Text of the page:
So what does this history mean? Some would say such incremental change is insufficient, and we should blow up higher education. In the Twitter stream tied to THATCamp this year, Mark Sample argued, "[H]igher ed is terminally ill and hacking it only prolongs its stay in the hospice." Historians of education are familiar with this rhetoric of radical reform, though the literature on it generally focuses on K-12 rather than higher education. There are plenty of attempts to "blow up" higher education by creating institutions that veer off from the plurality of practices. Sometimes those survive on the margins, or die out, and sometimes they become a model (if not necessarily an ideal). Antioch College, New College of Florida, Evergreen State College, and UC Santa Cruz have their origins in such attempts. Two of those started life as public institutions, one became public after a funding crisis, and Antioch's future is still in doubt. Or, if you want to go back further in time, both Clark University and Johns Hopkins University were founded with the intent to stay away from undergraduate education, and instead Johns Hopkins became the model for the modern large university, including high-priced tuition for undergraduates.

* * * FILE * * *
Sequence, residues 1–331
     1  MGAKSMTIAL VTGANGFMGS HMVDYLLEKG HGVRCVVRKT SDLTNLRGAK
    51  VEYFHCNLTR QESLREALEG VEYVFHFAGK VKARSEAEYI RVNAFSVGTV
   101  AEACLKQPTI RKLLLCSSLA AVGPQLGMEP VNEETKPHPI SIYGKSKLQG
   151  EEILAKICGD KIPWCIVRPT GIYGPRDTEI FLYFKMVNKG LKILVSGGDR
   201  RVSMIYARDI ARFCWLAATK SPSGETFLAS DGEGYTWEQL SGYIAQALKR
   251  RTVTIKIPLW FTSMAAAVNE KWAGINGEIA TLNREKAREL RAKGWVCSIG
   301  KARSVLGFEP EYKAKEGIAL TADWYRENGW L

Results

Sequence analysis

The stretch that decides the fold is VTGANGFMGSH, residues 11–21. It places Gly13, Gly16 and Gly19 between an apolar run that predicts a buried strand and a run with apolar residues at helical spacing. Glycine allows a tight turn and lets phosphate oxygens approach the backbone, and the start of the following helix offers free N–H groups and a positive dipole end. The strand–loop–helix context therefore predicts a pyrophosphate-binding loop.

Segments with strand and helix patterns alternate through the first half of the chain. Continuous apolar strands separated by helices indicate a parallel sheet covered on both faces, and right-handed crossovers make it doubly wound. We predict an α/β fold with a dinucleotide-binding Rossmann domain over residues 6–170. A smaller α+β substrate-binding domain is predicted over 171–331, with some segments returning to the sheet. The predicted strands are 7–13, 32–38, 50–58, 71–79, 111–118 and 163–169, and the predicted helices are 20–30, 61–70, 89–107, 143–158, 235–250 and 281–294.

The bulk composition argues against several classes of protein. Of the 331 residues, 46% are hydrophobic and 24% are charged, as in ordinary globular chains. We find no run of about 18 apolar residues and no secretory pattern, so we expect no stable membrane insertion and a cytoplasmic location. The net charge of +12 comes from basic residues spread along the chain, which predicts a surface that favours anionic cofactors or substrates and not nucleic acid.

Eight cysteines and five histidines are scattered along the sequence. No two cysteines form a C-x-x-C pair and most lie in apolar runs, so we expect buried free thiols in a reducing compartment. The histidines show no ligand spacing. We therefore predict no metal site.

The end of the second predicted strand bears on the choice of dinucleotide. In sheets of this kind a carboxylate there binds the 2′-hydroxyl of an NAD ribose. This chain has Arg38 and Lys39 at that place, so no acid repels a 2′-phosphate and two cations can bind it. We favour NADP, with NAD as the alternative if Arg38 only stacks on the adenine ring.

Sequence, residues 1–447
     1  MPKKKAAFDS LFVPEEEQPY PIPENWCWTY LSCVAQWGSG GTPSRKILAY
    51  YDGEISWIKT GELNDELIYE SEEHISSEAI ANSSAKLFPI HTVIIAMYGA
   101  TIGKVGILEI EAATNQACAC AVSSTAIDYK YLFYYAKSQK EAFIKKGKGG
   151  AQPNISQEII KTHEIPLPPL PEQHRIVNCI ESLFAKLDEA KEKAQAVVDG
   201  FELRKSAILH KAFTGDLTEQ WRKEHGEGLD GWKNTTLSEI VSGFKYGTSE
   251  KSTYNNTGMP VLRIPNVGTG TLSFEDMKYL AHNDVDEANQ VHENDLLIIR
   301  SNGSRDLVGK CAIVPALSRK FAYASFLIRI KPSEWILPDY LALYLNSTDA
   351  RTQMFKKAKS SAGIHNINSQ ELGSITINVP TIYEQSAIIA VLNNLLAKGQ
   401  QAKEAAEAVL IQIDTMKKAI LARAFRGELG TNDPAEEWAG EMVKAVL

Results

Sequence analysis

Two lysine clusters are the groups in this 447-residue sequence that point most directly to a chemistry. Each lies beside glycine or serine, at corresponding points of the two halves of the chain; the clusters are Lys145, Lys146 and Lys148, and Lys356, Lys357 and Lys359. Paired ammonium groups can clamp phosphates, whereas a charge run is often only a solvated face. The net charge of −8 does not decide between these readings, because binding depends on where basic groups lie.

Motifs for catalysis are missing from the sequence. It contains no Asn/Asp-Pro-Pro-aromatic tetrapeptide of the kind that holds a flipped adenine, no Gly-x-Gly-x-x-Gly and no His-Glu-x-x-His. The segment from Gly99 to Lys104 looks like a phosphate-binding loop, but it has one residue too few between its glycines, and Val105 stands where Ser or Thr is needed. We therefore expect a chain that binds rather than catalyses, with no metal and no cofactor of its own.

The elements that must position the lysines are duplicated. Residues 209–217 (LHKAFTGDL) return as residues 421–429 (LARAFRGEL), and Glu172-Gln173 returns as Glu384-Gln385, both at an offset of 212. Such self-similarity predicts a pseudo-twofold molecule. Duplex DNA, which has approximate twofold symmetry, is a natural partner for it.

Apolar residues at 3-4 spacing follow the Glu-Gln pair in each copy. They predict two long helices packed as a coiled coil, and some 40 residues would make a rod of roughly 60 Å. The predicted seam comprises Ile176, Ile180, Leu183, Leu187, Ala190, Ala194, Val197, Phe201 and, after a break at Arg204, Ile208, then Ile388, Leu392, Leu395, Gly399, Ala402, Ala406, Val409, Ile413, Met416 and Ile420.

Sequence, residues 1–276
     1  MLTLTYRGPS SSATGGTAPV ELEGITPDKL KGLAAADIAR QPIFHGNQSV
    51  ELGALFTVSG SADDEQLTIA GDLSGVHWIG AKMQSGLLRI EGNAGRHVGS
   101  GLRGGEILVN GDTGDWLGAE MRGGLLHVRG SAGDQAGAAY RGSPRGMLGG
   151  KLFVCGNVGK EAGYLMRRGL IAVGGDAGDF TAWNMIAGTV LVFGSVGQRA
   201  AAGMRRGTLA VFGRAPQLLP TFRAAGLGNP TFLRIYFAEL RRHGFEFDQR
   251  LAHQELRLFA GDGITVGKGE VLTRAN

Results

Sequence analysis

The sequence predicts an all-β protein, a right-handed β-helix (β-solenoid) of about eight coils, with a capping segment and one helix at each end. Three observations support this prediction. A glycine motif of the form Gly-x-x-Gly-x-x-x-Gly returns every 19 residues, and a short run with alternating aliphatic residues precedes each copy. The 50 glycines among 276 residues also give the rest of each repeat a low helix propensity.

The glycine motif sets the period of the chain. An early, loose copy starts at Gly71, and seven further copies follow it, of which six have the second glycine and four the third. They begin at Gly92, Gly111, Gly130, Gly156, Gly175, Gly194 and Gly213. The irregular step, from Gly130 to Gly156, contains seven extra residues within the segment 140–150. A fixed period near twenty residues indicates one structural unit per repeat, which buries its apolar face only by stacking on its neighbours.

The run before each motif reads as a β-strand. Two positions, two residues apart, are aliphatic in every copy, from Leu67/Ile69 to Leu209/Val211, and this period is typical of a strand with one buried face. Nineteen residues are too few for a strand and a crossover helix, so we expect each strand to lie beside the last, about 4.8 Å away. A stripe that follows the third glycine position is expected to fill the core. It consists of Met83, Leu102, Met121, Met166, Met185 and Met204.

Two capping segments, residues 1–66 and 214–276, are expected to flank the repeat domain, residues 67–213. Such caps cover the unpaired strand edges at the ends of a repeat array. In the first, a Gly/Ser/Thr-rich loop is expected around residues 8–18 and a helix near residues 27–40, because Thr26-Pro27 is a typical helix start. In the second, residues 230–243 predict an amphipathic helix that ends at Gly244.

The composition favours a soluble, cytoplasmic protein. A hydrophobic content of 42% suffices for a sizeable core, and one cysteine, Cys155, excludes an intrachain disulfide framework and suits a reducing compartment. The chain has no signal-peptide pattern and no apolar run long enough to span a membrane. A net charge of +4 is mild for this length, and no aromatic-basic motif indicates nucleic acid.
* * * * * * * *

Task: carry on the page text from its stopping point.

As an historian of education, I'd caution my more utopian colleagues that both institutions and people have to pay bills regularly, and that being able to pay bills allows innovation to thrive and spread. The wonderful thing about the internet is that you can do all sorts of intellectual work with minimal infrastructure. The damned thing about the internet is that resources still matter, especially if you want to foster a community of practice. Life involves compromise, even for hackers. With that in mind, here is a digital handful of ideas for hacking the academy, starting with the necessary and institutionalist and moving to what I would like to think of as the more inspirational:

0. Tenure-track faculty at research universities need to demonstrate competence in conventional ways. The bad news (if you were hoping to gain tenure at a research-oriented place with an experimental form of scholarship): if you are an assistant professor at a place that requires scholarship for tenure, you have roughly five years to get stuff published in a recognized way, and that means ways that external reviewers will recognize. The corollary: if you're a graduate student wanting to be a faculty member at a place that values research, you need to develop those competencies. The bittersweet news: because so few faculty are tenure-track at research universities, that means the vast majority of scholars can be innovative. That includes tenured faculty but also librarians, museum staff, and anyone who can find an alternative academic career path. If you are on the tenure track, you need to think about a career that lasts 20-30 years. If you demonstrate your chops in conventional ways in your first 5 years, you have the vast majority of your career to take greater risks.